Southwest Kansas packing plants scramble in the wake of COVID-19 breakouts

As with other essential businesses, meat packing plants have been provided a strict protocol to reduce the spread of COVID-19. Despite these precautions, multiple cases of coronavirus have been confirmed in southwest Kansas by both National Beef Packing Co. and Cargill Inc. at plants in Dodge City and Liberal, Kansas. Additionally, on April 22, the Finney County Health Department confirmed multiple positive cases of COVID-19 among employees at the Tyson Foods plant in Holcomb, Kansas.

Dr. Lee Norman, secretary of the Kansas Department of Health and Environment, stated in an April 22 press conference that there are a total of 168 positive cases in six Kansas packing plants, but no deaths thus far. Although these plants have been referred to as “hot spots,” the companies have expressed no plans to temporarily shut down. Instead, the plants are working to sanitize their facilities, offer more personal protective equipment for employees and ensure workers feeling ill stay home. Additionally, the plants will continue to enforce the Centers for Disease Control and Prevention standards of checking employees temperatures daily, requiring workers to wear face masks, use face shields and encouraging employees to social distance as much as possible.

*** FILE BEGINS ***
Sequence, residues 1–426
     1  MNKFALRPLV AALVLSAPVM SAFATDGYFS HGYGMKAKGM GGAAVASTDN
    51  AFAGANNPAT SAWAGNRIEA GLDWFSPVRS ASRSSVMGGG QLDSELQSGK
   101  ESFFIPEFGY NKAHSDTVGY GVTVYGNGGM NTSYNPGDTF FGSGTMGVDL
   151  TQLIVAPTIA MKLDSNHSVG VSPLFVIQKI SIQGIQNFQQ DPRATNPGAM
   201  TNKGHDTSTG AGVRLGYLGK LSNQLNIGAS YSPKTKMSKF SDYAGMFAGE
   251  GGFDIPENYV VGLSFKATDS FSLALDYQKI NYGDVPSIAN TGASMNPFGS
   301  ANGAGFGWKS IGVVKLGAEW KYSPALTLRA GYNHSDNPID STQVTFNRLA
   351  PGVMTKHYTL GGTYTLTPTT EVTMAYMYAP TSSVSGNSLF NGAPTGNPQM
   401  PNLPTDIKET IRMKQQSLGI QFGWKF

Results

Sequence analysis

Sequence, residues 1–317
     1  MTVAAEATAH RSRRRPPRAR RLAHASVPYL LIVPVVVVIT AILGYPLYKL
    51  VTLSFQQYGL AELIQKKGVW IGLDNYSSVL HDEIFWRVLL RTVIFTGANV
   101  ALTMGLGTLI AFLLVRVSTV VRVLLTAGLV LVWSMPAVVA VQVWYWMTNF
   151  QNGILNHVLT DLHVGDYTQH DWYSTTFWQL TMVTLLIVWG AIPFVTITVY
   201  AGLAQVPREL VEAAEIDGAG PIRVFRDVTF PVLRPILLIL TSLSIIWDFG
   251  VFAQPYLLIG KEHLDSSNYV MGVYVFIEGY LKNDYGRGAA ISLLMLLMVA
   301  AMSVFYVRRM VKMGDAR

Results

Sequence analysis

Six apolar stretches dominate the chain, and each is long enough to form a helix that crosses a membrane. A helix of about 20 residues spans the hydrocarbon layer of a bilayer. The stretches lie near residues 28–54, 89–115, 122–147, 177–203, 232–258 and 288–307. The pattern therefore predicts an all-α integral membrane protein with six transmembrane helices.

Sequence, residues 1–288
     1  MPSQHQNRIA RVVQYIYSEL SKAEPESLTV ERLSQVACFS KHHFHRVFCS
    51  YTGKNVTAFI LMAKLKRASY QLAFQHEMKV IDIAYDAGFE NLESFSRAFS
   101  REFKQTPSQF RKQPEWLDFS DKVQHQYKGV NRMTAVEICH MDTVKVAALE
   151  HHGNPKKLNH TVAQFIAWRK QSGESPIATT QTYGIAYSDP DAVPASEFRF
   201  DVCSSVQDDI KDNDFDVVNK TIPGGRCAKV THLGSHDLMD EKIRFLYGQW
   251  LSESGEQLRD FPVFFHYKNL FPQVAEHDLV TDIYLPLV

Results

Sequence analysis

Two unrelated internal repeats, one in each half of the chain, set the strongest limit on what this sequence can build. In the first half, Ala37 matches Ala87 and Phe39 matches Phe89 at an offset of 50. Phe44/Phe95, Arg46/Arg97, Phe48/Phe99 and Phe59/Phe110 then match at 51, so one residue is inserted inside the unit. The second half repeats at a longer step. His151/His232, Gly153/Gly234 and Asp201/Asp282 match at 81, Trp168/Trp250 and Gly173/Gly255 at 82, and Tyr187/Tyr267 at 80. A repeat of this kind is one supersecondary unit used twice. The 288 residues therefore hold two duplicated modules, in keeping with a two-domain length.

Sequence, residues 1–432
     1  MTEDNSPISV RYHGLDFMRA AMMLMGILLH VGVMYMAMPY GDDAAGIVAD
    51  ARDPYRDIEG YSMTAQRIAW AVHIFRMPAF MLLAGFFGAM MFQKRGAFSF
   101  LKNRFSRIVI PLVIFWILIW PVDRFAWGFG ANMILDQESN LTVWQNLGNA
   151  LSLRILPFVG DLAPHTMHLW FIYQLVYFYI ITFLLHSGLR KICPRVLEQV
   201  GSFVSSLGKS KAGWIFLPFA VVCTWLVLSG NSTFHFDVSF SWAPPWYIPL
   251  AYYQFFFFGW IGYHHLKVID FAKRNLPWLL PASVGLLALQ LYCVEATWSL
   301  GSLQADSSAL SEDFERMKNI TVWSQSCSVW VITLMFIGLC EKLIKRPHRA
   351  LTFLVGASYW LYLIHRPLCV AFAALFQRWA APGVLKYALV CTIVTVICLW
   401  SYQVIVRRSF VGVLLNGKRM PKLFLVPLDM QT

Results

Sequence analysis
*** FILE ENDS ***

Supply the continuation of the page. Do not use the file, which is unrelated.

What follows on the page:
However, while observing these recommendations, the tasks packing plant workers are required to accomplish while working at a fast moving conveyor belt have made it difficult for them to stay 6 feet apart at all times, leading to outbreaks in the virus.

According to reported data as of April 21, coronavirus had spread to at least 48 U.S. meatpacking plants, making more than 2,200 people sick and killing 17. Although packing plants are facing an uphill battle with balancing the safety of their employees and meeting the consumer demand for meat products at this time, the outbreaks at plants should not stop consumers from purchasing meat for fear of contracting COVID-19. The U.S. Food and Drug Administration has stated there is no evidence of food or food packaging being associated with COVID-19 transmission. As for the packing plants, they will continue to try to make good decisions on behalf of their employees and the products consumers demand and wait the coronavirus pandemic out.

“First and foremost, know that every leadership decision is focused on reducing the spread of COVID-19 throughout our communities and upholding our commitment to the safety and well-being of our employees,” said National Beef CEO Tim Klein in an April 17 statement. “We are following the guidance of the CDC and state and local health authorities in our plants, offices, and entire operation to help keep our employees safe.”

Lacey Newlin can be reached at 580-748-1892 or [email protected].